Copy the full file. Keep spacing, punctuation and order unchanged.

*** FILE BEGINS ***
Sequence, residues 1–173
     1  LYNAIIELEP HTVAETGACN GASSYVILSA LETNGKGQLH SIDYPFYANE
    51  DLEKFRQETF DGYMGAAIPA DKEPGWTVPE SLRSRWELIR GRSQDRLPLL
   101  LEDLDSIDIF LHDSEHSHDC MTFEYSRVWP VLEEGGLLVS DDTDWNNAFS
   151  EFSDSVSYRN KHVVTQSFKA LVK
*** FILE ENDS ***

Sequence, residues 1–173
     1  LYNAIIELEP HTVAETGACN GASSYVILSA LETNGKGQLH SIDYPFYANE
    51  DLEKFRQETF DGYMGAAIPA DKEPGWTVPE SLRSRWELIR GRSQDRLPLL
   101  LEDLDSIDIF LHDSEHSHDC MTFEYSRVWP VLEEGGLLVS DDTDWNNAFS
   151  EFSDSVSYRN KHVVTQSFKA LVK